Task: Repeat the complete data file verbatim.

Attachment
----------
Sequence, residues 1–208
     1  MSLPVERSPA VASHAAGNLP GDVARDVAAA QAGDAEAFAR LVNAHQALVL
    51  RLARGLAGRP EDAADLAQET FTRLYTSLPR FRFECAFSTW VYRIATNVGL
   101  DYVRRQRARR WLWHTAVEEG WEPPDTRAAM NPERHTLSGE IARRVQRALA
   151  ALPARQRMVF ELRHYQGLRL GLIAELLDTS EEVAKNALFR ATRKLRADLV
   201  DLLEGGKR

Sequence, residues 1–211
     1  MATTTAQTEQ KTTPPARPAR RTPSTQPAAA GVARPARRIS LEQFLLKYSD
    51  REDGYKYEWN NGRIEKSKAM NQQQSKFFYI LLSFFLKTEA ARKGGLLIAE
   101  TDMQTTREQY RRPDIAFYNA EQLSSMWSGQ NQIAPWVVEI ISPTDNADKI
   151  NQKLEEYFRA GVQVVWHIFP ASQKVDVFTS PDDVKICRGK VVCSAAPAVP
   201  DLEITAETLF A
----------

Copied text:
Sequence, residues 1–208
     1  MSLPVERSPA VASHAAGNLP GDVARDVAAA QAGDAEAFAR LVNAHQALVL
    51  RLARGLAGRP EDAADLAQET FTRLYTSLPR FRFECAFSTW VYRIATNVGL
   101  DYVRRQRARR WLWHTAVEEG WEPPDTRAAM NPERHTLSGE IARRVQRALA
   151  ALPARQRMVF ELRHYQGLRL GLIAELLDTS EEVAKNALFR ATRKLRADLV
   201  DLLEGGKR

Sequence, residues 1–211
     1  MATTTAQTEQ KTTPPARPAR RTPSTQPAAA GVARPARRIS LEQFLLKYSD
    51  REDGYKYEWN NGRIEKSKAM NQQQSKFFYI LLSFFLKTEA ARKGGLLIAE
   101  TDMQTTREQY RRPDIAFYNA EQLSSMWSGQ NQIAPWVVEI ISPTDNADKI
   151  NQKLEEYFRA GVQVVWHIFP ASQKVDVFTS PDDVKICRGK VVCSAAPAVP
   201  DLEITAETLF A